Welcome to the Tuesday 2¢ . It’s Tuesday, the weekend is a distant memory and it’s time to let off some steam and give our 2 cents on a hot industry topic. This week Ian Truscott reflects on how saying No might be the driving force behind successful customer expierences.
This morning my boss sent me a link to a Norwegian Airlines promotion, having just experienced them on a recent trip. He sent it not because he thinks it would be better for me to spend 5 hours flying to Munich via Stockholm to save the company a few euros, but because of the simplicity of their message, and how he found the whole customer experience was consistent with the promise the brand makes in their advertising. He had a simple seamless experience, even, as he put it, in seat 28B.
How do organizations do that?
How do you simplify?
How are some services simple to use? How are some products easier to use than others? How is the story one brand has told so crystal clear, that you remember it today, maybe years after it was first told?
You’d think the seamless customer experience my boss had with Norwegian Airlines was because lots of people said “yes”, same with the purity of the Apple story or the Dollar Shave Club or the seamless way that easy to use services like Spotify, Dropbox or Slack have crept into our lives – but I reckon, that someone at these companies, at some point had to say no.
And conversely, I reckon there are a lot of companies rueing the day they said yes, when some bright spark suggested they shift from their core business or story to chasing a new market or to diversifying their offerings. A Coors Mountain Spring Water moment , when a world famous beer brand thought it could trade it’s brand that to sell bottled water.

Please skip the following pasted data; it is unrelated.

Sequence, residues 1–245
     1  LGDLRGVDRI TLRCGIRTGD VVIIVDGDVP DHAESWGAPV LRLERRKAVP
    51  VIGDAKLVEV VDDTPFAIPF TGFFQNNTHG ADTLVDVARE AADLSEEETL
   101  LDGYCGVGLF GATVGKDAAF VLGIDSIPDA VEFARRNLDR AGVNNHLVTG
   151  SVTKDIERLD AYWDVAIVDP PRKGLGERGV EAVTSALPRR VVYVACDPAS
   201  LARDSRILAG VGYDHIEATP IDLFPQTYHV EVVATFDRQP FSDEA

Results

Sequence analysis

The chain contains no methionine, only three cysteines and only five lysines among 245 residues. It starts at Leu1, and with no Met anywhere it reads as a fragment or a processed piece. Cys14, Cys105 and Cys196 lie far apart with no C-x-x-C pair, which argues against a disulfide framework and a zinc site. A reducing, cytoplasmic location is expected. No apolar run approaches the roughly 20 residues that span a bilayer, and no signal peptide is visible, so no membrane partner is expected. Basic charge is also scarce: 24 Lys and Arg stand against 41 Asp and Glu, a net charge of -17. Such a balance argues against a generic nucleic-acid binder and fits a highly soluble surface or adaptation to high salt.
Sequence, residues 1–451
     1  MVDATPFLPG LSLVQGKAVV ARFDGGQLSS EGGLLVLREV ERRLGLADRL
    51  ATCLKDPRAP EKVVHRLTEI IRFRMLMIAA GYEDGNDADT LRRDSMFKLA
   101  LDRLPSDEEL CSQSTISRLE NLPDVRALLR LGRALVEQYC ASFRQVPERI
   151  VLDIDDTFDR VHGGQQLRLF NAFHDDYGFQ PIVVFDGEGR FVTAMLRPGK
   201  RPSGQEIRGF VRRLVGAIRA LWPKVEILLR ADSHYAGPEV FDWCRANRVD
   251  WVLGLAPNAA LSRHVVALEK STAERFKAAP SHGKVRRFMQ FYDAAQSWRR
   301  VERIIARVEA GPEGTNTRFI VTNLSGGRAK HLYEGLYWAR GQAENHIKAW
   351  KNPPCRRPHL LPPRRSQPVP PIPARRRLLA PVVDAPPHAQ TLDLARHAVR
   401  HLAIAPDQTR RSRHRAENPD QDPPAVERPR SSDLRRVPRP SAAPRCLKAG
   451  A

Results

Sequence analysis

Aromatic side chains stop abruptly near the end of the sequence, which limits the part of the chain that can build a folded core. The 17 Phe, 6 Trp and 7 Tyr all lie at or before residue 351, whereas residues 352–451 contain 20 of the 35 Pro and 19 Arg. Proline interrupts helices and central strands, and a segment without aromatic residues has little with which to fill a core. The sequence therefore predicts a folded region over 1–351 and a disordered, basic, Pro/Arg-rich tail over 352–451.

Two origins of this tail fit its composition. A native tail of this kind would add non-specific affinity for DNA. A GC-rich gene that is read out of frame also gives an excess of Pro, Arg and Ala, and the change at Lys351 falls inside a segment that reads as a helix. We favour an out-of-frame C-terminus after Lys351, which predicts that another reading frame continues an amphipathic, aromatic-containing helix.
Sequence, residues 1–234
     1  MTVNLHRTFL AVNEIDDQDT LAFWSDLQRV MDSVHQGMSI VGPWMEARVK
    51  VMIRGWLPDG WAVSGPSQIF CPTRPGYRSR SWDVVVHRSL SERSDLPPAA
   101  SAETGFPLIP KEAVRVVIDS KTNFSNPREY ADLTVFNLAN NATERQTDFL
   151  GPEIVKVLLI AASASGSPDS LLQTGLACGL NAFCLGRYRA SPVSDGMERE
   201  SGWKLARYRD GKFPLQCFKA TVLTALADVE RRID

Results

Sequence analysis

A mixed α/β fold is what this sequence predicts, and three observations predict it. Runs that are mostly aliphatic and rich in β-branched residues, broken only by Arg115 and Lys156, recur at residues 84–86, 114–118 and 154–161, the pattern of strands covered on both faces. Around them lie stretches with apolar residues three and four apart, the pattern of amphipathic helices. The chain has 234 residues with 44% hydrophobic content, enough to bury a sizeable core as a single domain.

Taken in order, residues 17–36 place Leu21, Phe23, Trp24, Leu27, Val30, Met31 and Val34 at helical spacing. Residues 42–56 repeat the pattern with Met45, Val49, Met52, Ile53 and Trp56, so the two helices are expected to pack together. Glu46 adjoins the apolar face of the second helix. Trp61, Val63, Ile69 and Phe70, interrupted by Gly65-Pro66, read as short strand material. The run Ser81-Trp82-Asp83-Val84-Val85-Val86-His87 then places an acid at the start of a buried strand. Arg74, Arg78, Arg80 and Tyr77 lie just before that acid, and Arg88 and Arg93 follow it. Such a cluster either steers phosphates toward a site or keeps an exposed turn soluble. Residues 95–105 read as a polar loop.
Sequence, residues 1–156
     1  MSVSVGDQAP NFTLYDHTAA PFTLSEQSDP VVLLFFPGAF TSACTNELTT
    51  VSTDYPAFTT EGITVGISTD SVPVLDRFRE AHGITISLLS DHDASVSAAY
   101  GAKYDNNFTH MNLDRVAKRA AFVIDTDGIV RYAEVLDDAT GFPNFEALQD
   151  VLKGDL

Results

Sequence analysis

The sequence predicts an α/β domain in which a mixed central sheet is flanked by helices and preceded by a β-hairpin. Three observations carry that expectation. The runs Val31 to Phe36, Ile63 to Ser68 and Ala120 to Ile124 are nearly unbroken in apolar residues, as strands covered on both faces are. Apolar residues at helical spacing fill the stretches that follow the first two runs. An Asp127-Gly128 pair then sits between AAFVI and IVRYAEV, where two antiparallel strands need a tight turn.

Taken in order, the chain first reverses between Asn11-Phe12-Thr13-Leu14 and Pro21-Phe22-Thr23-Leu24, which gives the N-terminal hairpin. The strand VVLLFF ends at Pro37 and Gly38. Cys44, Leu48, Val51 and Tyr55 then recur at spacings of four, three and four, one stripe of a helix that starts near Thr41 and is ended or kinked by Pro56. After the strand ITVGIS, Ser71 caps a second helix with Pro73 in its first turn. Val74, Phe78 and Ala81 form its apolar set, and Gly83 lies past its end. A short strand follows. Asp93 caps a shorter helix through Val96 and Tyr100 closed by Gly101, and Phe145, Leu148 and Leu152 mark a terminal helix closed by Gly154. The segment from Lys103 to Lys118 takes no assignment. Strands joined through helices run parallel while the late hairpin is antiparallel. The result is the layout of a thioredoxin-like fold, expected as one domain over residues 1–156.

It’s not just in marketing, when I was in product development, I learned that the trade-off for “ease of use” is often to say no to an edge case user story, some flexibility in the configuration, a feature loved by the few or additional choices for the experienced user. To make something uncluttered and simple for the many, you have to say no to the few.
When I was running a Content Marketing practice, on one engagement I was identifying personas for a major financial brand. The best advice, I think, I gave them was not who they should target but who NOT to sell to, who to stop creating content for.
As marketers it’s easy for us to run along on the hamster wheel, eagerly saying yes to every new opportunity to market, discovering a new niche, an audience segment, new partner, new acronym to toot our horn about. It’s much harder to say no.
Saying no does not mean developing the thick skin and personality of The Grinch. Saying no means having a very clear defendable story and strategy, and then to have the cohones to stick to it and stay the course to deliver on the brand promise.
Because, you know, sometimes, you have to say no.